American Protestantism’s Sad Birthday Party

What has gone wrong with American Protestantism and why? Or perhaps we should more correctly ask, what has gone wrong with American Protestants? While this question is ultimately most important as a spiritual one, it is also an urgent political and social question. Protestantism was the major spiritual force in setting up the America we’ve inherited, and sadly it now seems to be in danger of becoming a significant reason why America is in decline. The world recently noted the 500th anniversary of the Protestant Reformation, but it hasn’t been much of a happy birthday party for American Protestants. “Sad” might be a better word to describe this important historic milestone because Protestantism — or more correctly, the heirs of American Protestantism — seem to be letting America down.

It’s time for some serious soul-searching. The past year has been downright embarrassing for us American Protestants — I count myself among that community of faith — as we have witnessed the profoundly tragic spectacle of Donald Trump’s rise to power. While there are of course various Protestant political views, it has become clear that conservative American Protestants — among whom I emphatically do not count myself — are his key source of support for his catastrophic reign.

What has gone wrong? We might ask of today’s American Protestants what St. Paul asked the ancient Galatians, “Who has bewitched you?” I think the crisis in Protestantism today is both theological and spiritual: it is a problem both of our heads and of our hearts. Many of us have stopped thinking and — even more importantly — many of us have stopped caring.

The major event in Protestantism in the past half century has been a theological move to the right with the decline of mainline Protestantism and the rise of conservative and fundamentalist Protestantism. Nobody likes criticism, but sometimes constructive criticism is good and necessary. American Protestantism took a wrong turn a generation or two ago when we chose to ignore the criticism of prophetic voices from our tradition raising questions about American policies — voices addressing us at that time such as William Sloan Coffin calling us to repent from our militarism in Vietnam, Martin Luther King, Jr. calling us to repent from our racism, and Reinhold Niebuhr calling us to repent from our exalted sense of American self-righteousness in the world.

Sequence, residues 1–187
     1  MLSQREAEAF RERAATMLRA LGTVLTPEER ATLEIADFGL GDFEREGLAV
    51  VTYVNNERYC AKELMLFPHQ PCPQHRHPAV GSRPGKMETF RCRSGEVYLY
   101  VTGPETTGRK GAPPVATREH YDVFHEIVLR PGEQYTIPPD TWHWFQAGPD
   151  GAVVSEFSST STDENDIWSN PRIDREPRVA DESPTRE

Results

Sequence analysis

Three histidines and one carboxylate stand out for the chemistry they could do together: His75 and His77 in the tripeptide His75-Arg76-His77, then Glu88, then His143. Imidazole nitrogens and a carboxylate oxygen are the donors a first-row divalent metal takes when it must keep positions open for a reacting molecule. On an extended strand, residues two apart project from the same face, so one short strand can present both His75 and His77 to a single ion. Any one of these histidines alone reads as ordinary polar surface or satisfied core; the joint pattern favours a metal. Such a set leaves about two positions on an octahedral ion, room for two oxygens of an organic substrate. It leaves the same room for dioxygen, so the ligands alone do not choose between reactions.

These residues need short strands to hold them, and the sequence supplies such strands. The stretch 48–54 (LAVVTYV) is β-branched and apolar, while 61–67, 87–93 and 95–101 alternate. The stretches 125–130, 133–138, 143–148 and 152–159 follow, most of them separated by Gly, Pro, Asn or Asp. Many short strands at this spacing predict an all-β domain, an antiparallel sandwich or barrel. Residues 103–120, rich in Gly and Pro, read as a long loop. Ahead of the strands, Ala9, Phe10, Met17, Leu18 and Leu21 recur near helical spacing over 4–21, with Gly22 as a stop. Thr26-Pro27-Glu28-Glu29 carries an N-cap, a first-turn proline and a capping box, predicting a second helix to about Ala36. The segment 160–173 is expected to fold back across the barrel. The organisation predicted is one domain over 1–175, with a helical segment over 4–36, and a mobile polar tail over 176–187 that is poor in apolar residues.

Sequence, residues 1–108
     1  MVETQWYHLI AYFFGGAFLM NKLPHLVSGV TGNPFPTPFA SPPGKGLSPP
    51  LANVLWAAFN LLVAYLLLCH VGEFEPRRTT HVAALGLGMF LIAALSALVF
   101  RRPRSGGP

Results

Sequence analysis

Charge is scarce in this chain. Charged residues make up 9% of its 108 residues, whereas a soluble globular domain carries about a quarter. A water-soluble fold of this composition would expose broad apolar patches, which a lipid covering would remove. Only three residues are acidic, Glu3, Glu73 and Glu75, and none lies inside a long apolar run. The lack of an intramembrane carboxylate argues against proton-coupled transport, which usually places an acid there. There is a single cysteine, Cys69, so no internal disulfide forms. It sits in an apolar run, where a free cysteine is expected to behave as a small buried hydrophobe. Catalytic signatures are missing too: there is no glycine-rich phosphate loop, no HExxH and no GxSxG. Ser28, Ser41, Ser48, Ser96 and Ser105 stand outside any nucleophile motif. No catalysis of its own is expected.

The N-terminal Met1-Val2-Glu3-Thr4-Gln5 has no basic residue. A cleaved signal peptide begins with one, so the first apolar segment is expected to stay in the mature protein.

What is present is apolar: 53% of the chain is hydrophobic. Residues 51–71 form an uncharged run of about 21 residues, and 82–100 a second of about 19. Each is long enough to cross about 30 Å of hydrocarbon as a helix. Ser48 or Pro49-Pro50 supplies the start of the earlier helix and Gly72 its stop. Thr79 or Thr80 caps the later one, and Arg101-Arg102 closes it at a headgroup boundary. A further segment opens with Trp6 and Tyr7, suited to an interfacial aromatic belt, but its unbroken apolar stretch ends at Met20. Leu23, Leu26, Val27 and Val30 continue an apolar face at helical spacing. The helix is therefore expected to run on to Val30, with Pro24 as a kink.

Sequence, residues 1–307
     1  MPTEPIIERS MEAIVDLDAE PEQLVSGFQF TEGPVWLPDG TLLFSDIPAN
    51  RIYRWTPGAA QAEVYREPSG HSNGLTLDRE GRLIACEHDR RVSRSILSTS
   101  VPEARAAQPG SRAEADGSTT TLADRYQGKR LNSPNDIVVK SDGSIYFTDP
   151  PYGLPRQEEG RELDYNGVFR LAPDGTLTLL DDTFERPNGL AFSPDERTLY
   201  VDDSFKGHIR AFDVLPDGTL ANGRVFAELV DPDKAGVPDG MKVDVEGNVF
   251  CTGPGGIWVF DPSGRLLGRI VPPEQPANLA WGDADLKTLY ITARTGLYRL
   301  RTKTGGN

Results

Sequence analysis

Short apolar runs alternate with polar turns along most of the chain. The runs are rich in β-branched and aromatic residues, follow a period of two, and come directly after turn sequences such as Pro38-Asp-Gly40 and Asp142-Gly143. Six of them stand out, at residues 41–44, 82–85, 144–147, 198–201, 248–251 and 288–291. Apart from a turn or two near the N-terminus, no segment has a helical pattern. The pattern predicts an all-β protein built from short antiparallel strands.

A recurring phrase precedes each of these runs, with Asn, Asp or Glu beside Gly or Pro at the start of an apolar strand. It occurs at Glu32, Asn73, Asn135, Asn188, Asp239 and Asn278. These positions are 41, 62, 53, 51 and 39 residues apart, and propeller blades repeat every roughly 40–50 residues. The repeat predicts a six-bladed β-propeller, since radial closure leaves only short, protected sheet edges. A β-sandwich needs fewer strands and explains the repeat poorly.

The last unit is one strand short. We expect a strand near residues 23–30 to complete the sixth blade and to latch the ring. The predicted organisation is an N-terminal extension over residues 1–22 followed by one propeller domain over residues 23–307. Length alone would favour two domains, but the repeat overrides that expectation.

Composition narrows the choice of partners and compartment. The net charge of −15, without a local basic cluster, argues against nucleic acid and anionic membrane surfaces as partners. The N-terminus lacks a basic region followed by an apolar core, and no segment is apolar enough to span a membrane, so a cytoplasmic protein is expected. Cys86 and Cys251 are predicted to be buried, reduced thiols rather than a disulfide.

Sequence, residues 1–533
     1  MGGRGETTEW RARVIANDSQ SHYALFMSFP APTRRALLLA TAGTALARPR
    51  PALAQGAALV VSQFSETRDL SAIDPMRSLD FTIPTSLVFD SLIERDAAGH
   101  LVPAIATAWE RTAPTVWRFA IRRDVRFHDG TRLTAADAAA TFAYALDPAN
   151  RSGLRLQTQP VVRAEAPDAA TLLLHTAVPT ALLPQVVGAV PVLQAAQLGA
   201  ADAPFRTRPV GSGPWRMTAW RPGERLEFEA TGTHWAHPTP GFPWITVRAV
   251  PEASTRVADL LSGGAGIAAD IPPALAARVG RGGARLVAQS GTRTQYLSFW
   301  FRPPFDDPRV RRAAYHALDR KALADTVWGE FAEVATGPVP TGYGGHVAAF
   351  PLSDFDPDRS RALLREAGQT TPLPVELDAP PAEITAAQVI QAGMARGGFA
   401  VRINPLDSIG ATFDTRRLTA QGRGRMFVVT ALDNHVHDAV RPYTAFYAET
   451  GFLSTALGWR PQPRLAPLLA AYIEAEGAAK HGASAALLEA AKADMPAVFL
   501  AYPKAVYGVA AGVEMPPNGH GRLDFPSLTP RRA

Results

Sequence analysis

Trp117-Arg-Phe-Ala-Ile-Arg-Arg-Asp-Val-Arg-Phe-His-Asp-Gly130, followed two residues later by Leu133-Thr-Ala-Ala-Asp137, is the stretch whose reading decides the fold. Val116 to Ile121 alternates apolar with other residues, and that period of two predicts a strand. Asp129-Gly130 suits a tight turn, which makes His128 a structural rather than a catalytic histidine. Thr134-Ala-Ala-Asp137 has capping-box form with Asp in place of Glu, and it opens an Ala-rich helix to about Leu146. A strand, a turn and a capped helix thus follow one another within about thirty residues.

Many Protestants got tired of listening to criticism of their beloved country and instead turned to conservative Protestant leaders who taught an inward-looking piety, largely disconnected from the troubling social and political problems around them. These reassuring conservative voices also offered an unquestioning acquiescence to the military-industrial complex that is so powerful in America today. But moderate and liberal children of the Protestant tradition are also part of the problem. Many of them simply “dropped out” and drifted away from the church pews altogether. Today, several decades later, the ultimate result of that process has been the rise to power of the disastrous policies of the Trump administration.

The growing power of conservative Protestantism and its support for the fake theology of “Christian Zionism” in the past half century has also played a key part of what has gone disastrously wrong with our U.S. Middle East policy. This has most recently been seen in Trump’s profoundly wrong-headed decision to move the U.S. embassy from Tel Aviv to Jerusalem, a move clearly meant to honor a campaign promise to his conservative Evangelical Protestant supporters. This decision has profoundly hurt the United States as well as the Palestinians and global Christian-Muslim relations more than our mainstream news media is telling us.

President Trump and his conservative Protestant supporters just don’t get it. The point of the Bible in the Christian faith is not to justify the re-living of the ethnic cleansing of Palestine as recorded in the Book of Joshua some 3,200 years ago in the Bronze Age. Rather the point of the Bible is to hear along with the prophet Isaiah a new Word from God for today — a new spirit of inclusiveness and respect and love for all of God’s children, including Muslims and Palestinians.

We should mark the 500th anniversary of Protestantism by starting vigorously to protest again: in this case against the betrayal of our Christian heritage by our conservative Christian sisters and brothers with the unthinking and uncaring and ultimately destructive policies they support in the Middle East. Father, forgive them, for they know not what they do.

Mel Lehman
Common Humanity
New York City
(c) Dec. 9, 2017

Photo: Stained glass window of Martin Luther at Union Theological Seminary (New York) via Union Network magazine.

Mel Lehman

Mel Lehman is the director of of Common Humanity. He has worked in international humanitarian issues for several decades, inducing two decades at the National Council of Churches. He has traveled extensively in the Middle East and has published a number of articles about his experience.